Republican presidential candidate Donald Trump has now flip-flopped on changing his position on whether or not women should be “punished” who potentially have illegal abortions when the day comes that unborn children are protected under law. Trump now says his initial answer supporting punishment was “not a wrong answer.”
Trump stirred a nationwide controversy by saying women who have potentially illegal abortions should be “punished,” and the subsequently backtracking just hours later to say that abortion bans should target abortion practitioners instead.
Trump then stirred controversy this weekend saying the nation’s abortion laws — which allow virtually unlimited abortions and have resulted in the destruction of 58 million unborn children, should not be changed.
Now, in a new interview with Sean Hannity of Fox News, Trump said he gave a “great answer” to the question.
“That was a hypothetical question. That was not a wrong answer,” Trump told Fox News host Sean Hannity during his show Monday night in Wisconsin. “There were other people that wrote me letters by the hundreds saying that was a great answer to that question the way it was raised.”
Trump maintained that he is “pro-life,” remarking that “I come with the three exceptions” — for rape, incest and life of the mother.
“You know, I’m pro-life, OK, with the exceptions, but I am pro-life,” he said. “I did the show because it’s not a high-rated show. He’s always been — I mean, he has never treated me very badly. And I didn’t think it was a big thing to do the show, and as a hypothetical question you give a hypothetical answer, and I didn’t see the big, big, huge deal.”
After the initial comments saying women should be punished, Trump surrogates were doing damage control — also saying he misspoke — for the Republican presidential candidate after he told MSNBC in an interview that women should be punished for having abortions if abortions are someday banned again.
“Should abortion be punished? This is not something you can dodge,” pro-abortion MSNBC host Chris Matthews asked him.
“Look, people in certain parts of the Republican Party, conservative Republicans, would say, ‘Yes, it should,’” Trump responded.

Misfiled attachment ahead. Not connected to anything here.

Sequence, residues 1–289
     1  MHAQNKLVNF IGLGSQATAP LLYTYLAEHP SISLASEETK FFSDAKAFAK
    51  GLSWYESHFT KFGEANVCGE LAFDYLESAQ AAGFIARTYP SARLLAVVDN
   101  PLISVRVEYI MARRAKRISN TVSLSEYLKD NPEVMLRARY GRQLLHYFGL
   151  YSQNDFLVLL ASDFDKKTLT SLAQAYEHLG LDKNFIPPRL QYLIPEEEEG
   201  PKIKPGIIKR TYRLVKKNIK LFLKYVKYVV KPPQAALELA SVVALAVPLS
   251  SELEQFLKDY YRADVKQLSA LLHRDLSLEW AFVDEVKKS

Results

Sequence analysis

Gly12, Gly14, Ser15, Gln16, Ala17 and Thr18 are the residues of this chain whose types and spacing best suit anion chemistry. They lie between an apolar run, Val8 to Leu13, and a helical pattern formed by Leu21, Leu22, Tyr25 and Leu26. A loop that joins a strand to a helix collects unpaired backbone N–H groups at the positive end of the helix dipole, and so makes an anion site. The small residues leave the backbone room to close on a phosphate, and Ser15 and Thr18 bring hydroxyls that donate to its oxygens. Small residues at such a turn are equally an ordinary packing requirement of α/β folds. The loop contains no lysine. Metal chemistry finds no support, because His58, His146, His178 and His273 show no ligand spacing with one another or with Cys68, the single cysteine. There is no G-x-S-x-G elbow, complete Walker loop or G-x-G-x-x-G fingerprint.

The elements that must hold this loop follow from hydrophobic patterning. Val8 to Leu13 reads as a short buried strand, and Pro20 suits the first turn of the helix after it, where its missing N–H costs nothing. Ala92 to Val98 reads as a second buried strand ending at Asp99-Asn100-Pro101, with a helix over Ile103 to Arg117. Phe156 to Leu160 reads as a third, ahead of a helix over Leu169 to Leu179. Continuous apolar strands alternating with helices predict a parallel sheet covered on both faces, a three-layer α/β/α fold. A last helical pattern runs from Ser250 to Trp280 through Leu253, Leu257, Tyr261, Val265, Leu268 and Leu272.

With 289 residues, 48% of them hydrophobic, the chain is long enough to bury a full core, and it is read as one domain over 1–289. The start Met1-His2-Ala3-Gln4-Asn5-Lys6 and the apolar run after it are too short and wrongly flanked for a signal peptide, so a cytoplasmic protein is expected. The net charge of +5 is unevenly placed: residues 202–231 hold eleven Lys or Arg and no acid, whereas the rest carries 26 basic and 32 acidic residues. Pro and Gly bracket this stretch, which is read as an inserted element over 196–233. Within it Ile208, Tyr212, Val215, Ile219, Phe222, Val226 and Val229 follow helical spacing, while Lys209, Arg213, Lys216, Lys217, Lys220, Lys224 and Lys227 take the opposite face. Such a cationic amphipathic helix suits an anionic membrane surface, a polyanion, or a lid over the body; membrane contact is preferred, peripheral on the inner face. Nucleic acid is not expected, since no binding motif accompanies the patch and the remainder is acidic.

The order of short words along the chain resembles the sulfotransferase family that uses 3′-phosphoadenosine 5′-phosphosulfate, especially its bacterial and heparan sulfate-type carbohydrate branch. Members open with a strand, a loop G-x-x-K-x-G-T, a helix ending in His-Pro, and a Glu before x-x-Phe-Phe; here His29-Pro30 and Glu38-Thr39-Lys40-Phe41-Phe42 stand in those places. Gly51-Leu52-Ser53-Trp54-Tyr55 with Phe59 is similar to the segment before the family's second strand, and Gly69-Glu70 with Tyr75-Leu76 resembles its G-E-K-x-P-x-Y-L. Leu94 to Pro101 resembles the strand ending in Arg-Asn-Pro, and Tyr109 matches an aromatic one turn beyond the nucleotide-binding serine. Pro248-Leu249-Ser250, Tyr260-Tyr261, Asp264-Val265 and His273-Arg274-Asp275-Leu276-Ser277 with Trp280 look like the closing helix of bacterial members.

Trump later added that “there has to be some form of punishment” for women who get abortions after a ban is implemented, acknowledging the punishment would “have to be determined.”
Trump quickly walked back his statement in two successive statements from his campaign and said his position is that abortion practitioners should be held accountable, not the women involved.
“If Congress were to pass legislation making abortion illegal and the federal courts upheld this legislation, or any state were permitted to ban abortion under state and federal law, the doctor or any other person performing this illegal act upon a woman would be held legally responsible, not the woman,” the Trump campaign said in the statement just hours later after significant criticism.
Abortion activists like Hillary Clinton and Planned Parenthood have already seized on the comments to bash pro-life people and many pro-life advocates have said Trump hurt the pro-life cause with his comment and subsequent reversal.
While pro-life advocates yearn for the day when unborn children are protected under law and abortions are banned, the pro-life movement has historically opposed punishing women who have abortions — instead focusing on holding abortion practitioners criminally accountable for the unborn children they kill in abortions.
That pro-woman mentality is partly due to the understanding that the abortion industry preys on women — selling them abortions by lying to them about the humanity of their unborn children and the destructive effects abortion will have. The pro-woman, pro-life attitude is also partly due to the fact that the pro-life movement is led by millions of women who had abortions and now deeply regret their decisions, thanks to a change of heart on abortion, or a religious conversion or a simply understanding that they took the life of their own child.